Tuesday, 14 July 2009

The Power of Round Numbers

What is it about the big ‘0’ that has such a hold over us? Round numbers have a magic that a ‘7’ can only envy. Anniversaries, birthdays, turnover, profit, runs, wickets (I think, I don’t play cricket) and speeches all have an allure in their round-numbers that we don’t quite understand.

Setting targets, meeting targets, or just living all has extra significance in round numbers.

In fairness, there are other numbers that also have a magic to them: 25, for example, and perhaps 7.

All of which is a roundabout and performance management way of saying I passed a milestone last night. I delivered my 10th Toastmasters' speech and completed my Competent Leader manual.

I don’t feel any more competent than I did yesterday, but that’s missing the point. Although I wasn’t 100% happy with my speech, I am certainly a better speaker today than I was before I delivered my first speech. Which is the whole point – pushing me to deliver 10 speeches gave me the practice and exposure I needed to improve my skills. And 10 is a nice round number to aim for. It is arguable whether doing 12 speeches might not have made me an even more Competent Leader, but the Power of Round Numbers won out and 10 speeches are in the manual.

What hit me this morning as I was still going over all the things I could have done better, was that hitting that milestone was important. Not important because it has finished something, but important because it allows me to step back and evaluate my progress. So often that’s what targets are all about. Phases of a project, or interim steps to a larger goal are designed to allow a pause for evaluation of what’s going right and what’s going wrong.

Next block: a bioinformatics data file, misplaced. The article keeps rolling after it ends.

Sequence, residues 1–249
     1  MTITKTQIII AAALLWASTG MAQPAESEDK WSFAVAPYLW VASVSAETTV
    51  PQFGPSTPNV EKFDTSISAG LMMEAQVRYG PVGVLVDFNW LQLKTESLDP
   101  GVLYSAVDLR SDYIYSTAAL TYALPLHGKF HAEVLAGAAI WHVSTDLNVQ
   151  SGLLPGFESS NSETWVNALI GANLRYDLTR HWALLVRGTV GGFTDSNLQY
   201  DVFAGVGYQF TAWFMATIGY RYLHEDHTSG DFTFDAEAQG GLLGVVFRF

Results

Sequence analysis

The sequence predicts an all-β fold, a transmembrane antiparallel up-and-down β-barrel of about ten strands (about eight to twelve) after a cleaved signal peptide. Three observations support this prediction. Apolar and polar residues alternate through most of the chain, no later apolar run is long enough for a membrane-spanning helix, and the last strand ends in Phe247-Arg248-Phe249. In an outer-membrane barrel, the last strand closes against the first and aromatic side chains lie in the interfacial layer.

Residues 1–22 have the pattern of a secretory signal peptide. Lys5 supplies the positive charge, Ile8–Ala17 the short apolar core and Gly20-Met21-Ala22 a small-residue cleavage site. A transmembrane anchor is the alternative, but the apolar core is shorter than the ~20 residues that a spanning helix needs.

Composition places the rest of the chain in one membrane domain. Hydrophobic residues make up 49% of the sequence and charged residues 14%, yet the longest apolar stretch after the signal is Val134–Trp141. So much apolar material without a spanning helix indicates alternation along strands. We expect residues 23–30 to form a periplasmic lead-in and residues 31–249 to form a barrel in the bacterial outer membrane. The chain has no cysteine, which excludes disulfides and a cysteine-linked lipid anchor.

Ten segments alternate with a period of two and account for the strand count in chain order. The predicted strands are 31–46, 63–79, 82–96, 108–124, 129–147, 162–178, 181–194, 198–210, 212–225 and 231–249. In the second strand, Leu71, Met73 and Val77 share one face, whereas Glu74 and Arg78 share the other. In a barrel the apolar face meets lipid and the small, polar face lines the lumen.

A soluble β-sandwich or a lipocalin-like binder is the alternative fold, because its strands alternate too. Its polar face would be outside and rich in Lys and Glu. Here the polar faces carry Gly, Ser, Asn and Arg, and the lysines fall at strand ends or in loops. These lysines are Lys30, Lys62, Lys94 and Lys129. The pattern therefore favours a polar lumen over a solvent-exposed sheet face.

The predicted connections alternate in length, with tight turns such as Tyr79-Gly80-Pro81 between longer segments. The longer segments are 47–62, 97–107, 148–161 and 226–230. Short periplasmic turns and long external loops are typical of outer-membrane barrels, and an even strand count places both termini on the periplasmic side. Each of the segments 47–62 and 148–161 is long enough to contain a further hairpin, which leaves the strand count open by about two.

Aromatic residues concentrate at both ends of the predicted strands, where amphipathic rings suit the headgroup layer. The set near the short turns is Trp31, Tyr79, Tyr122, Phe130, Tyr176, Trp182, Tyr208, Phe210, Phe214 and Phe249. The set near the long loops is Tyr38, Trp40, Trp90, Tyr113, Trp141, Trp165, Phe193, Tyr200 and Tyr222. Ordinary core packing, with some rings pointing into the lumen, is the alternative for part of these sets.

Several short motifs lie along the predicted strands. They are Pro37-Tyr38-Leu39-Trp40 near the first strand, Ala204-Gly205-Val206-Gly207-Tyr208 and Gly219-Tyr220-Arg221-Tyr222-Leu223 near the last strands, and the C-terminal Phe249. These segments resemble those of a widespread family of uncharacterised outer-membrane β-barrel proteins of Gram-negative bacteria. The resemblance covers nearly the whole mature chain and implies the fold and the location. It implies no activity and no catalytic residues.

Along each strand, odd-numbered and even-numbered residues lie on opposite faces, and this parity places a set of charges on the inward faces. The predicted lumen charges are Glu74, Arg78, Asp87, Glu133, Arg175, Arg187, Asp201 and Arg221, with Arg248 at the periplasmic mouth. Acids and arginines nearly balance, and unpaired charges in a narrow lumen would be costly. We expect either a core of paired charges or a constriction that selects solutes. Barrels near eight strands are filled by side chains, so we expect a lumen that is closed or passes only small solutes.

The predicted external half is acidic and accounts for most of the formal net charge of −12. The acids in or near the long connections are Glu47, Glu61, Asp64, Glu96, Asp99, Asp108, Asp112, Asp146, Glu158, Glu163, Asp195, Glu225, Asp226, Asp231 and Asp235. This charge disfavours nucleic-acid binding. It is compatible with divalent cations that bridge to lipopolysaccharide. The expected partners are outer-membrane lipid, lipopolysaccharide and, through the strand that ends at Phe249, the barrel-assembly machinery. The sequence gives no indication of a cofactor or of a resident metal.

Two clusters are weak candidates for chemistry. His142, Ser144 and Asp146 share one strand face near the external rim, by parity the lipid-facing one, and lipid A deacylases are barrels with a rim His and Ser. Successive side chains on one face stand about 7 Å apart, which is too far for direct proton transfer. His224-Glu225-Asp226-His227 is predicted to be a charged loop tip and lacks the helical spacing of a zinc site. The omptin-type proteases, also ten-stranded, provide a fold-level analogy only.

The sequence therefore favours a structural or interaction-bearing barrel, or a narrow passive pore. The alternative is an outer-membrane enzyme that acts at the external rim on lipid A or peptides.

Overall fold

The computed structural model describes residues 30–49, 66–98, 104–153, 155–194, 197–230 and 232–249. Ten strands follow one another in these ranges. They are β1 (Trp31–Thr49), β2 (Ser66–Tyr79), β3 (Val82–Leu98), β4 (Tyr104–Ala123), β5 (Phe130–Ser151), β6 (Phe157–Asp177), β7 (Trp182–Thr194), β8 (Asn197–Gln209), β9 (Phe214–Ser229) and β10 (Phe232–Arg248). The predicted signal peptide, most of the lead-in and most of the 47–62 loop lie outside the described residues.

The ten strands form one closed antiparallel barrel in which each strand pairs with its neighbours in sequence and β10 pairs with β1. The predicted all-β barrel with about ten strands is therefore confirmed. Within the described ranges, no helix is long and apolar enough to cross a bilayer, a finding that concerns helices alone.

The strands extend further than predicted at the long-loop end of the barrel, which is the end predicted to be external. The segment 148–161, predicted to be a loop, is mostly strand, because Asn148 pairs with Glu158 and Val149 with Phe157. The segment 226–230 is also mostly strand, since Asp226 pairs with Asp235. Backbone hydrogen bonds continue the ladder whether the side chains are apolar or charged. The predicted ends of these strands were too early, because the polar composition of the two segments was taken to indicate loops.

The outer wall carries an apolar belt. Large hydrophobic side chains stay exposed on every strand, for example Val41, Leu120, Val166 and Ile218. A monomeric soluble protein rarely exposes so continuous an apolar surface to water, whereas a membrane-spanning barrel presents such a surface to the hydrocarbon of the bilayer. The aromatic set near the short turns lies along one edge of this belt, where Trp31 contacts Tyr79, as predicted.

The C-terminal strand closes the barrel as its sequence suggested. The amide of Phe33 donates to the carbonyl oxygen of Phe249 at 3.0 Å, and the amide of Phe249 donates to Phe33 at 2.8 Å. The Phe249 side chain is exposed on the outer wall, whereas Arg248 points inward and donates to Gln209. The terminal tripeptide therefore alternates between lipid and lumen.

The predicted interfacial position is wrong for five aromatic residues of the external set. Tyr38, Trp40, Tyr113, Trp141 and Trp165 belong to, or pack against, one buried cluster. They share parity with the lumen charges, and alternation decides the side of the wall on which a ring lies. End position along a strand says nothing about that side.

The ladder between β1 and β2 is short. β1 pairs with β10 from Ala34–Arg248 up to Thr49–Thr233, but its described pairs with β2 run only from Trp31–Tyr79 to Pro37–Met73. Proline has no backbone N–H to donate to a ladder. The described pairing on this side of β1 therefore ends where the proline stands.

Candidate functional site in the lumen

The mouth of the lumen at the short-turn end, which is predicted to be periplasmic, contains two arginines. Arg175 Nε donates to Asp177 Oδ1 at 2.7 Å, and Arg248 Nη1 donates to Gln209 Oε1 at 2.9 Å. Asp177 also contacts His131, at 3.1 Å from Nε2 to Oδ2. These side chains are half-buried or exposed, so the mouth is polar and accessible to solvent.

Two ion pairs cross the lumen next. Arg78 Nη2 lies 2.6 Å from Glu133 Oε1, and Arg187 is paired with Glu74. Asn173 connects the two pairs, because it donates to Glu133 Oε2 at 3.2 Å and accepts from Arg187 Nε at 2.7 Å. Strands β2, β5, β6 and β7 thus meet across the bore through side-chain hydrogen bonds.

So whilst I expected to impress myself and everyone else with how I put Barack Obama’s speaking skills to shame, what I found was a milestone that forced me to look at where I thought I would be, and where I actually am. And then figure out what I’m going to do about it. Barack Obama isn’t safe yet, but it may take a few more than 10 speeches to reach his standard.

Round numbers have an undeniable power that is worth being aware of. Setting targets or performance management and measurement can all make use of the added magic they bring. It goes without saying that any number, round or otherwise, forces you to quantify your target. Quantifying targets is an absolute basic in improving performance; not always easy, but always effective.

So one target met, and the next one to aim for. Isn’t it always the way?

And a big thank you to everyone who voted that ribbon my way last night.

4 comments:

  1. Caroline

    You have done well. Do we need though to measure achievements? I would honestly say well done as you have progressed and in a new place which is fab.

    I do however have to confess to setting all objectives for my team in the power of ten so for teams, the business it is today the power of ten that matters.


    Ten key measures....ten areas, ten risks, ten ....

    So I agree !

    R

    ReplyDelete
  2. Sounds like your team are going to be busy...

    To address your first point, I do think some achievements need to be both measured and celebrated. Not everything, obviously, but the important stuff that makes a difference to the individual and/or the organisation.

    I don't doubt you have some evenings out included in your plans when your team meets and exceeds their targets!

    ReplyDelete
  3. Well done, Caroline!

    I would like to hear one of your speeches. When are you going to record one and share it on your blog?

    ReplyDelete
  4. Thanks Will! Will think (probably for quite a long time) about your sharing suggestion!!!!!!

    ReplyDelete